For the Week Ending July 12, 2019
SENATORS INTRODUCE BILL TO ADD AGRICULTURAL INSPECTORS
On Thursday, Sens. Gary Peters (D-Mich.), Pat Roberts (R-Kan.), John Cornyn (R-Texas) and Debbie Stabenow (D-Mich.) introduced legislation, Protecting America’s Food & Agriculture Act of 2019, which would ensure the safe and secure trade of agricultural goods across our nation’s borders by authorizing U.S. Customs and Border Protection (CBP) to hire additional agricultural inspectors to fully staff America’s airports, seaports and land ports of entry. NPPC has been advocating for an increase in ag inspectors since its spring Legislative Action Conference in early April. In a press release announcing the bill, NPPC President David Herring said, “Preventing the spread of African swine fever and other foreign animal diseases to the United States is our top priority. We appreciate all that the U.S. Department of Agriculture and the U.S. Customs and Border Protection are doing to strengthen biosecurity at our borders. To further safeguard American agriculture, we need additional agriculture inspectors at our sea and airports. This essential legislation will help address the current inspection shortfall, reduce the risk of ASF and other foreign animal diseases, and protect the food supply for U.S. consumers,” he added. To view a full copy of the press release, click here.
LAWMAKERS URGE CPB TO PRIORITIZE IMPORTED AG GOOD INSPECTIONS TO PREVENT ASF OUTBREAK
In a letter sent Wednesday to U.S. Customs and Border Protection Acting Commissioner Mark Morgan, Reps. Cindy Axne (D-Iowa) and James Baird (R-Ind.) urged the agency to prioritize inspections and screening of imported agricultural goods, and to not divert resources that are greatly needed to prevent an outbreak in African swine fever (ASF) in domestic swine herds. NPPC was quoted in a Thursday press release issued by the lawmakers accompanying the letter. “An outbreak of African swine fever in the United States, a development that would immediately close U.S. pork export markets, would be catastrophic for the nation’s swine herd, hog farmers and their families, and the rural economy,” said Dale Reicks, a pork producer from Lawler, Iowa, and member of NPPC’s board of directors. “With no vaccine to contain and eradicate the disease – not to mention the long and costly recovery period that would follow an outbreak – prevention is our only defense and it begins with biosecurity at our borders. We appreciate all that U.S. Customs and Border Protection has done to respond to heightened ASF risk and urge them to continue bolstering agricultural inspections at our sea, land and airports.” To view the letter and accompanying press release, click here.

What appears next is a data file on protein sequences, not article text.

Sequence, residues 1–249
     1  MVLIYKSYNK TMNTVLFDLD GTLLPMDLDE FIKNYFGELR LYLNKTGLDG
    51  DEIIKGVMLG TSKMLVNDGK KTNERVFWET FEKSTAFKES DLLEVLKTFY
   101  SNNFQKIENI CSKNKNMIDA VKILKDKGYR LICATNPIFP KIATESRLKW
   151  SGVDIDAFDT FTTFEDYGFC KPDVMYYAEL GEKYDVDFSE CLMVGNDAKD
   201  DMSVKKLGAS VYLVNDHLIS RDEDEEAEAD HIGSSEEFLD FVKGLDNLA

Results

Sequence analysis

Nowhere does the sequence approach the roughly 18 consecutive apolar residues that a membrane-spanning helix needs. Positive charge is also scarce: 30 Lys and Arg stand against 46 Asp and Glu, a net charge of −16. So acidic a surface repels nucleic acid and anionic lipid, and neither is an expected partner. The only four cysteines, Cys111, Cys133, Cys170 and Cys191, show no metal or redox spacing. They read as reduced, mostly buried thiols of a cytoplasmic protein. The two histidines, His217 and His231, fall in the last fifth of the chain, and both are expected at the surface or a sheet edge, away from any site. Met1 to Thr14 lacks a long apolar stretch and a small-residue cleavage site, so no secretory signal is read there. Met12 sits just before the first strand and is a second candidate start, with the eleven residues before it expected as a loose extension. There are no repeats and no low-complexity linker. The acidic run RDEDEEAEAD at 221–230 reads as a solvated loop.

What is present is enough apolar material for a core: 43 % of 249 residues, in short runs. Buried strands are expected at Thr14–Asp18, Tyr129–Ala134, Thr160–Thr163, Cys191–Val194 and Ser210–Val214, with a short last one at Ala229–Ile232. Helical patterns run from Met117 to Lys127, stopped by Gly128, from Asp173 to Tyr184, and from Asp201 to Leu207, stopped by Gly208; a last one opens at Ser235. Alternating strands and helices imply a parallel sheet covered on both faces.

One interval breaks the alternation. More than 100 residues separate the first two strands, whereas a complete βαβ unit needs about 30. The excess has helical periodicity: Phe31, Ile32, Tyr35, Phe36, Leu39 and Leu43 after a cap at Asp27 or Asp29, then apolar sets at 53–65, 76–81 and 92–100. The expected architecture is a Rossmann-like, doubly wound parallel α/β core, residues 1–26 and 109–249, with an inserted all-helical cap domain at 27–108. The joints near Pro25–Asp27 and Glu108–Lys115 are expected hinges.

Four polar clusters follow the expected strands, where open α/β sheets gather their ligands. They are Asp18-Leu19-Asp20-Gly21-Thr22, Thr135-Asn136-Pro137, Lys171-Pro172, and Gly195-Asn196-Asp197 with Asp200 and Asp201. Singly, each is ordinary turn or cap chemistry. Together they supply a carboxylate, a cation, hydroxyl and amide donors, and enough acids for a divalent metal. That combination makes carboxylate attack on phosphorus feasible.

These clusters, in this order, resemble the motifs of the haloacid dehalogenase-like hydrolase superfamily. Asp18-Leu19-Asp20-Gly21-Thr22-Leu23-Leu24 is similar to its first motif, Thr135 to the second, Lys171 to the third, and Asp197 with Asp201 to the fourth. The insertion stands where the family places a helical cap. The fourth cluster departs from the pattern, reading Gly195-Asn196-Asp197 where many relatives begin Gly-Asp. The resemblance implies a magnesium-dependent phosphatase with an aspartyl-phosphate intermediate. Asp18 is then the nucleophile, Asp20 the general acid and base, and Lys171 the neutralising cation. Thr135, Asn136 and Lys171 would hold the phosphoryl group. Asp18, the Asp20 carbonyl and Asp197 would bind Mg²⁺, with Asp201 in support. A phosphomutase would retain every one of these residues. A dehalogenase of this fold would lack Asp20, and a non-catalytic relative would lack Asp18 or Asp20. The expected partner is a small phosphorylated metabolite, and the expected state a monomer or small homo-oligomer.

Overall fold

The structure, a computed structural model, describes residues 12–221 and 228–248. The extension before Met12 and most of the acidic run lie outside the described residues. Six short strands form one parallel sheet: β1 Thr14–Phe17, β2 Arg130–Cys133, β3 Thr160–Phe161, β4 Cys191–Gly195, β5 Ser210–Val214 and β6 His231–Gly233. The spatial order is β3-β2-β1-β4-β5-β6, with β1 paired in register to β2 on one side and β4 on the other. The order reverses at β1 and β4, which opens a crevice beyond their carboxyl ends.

NEW SWINE INSPECTION SYSTEM FINAL RULE SENT TO OMB
USDA’s final rule on its New Swine Inspection Service (NSIS) was sent Wednesday to the White House’s Office of Management and Budget for review. The rule is part of a continuous effort by the agency’s Food Safety and Inspection Service (FSIS) to ensure a safe supply of wholesome American pork. A voluntary program supported by many years of research, NSIS aims to improve the inspection process by shifting FSIS employees’ responsibilities to focus on inspection duties more directly related to food safety and animal welfare (like plant sanitation and humane handling). In turn, pre-inspection sorting and quality control tasks would be delegated to plant employees on the line. Final inspection accountability and authority remains with the USDA. NPPC has strongly supported USDA’s proposed rule, which will increase efficiency and effectiveness of the federal inspection process, allow for the rapid adoption of new food-safety technologies in pork slaughter, and has the potential to increase U.S. harvest capacity.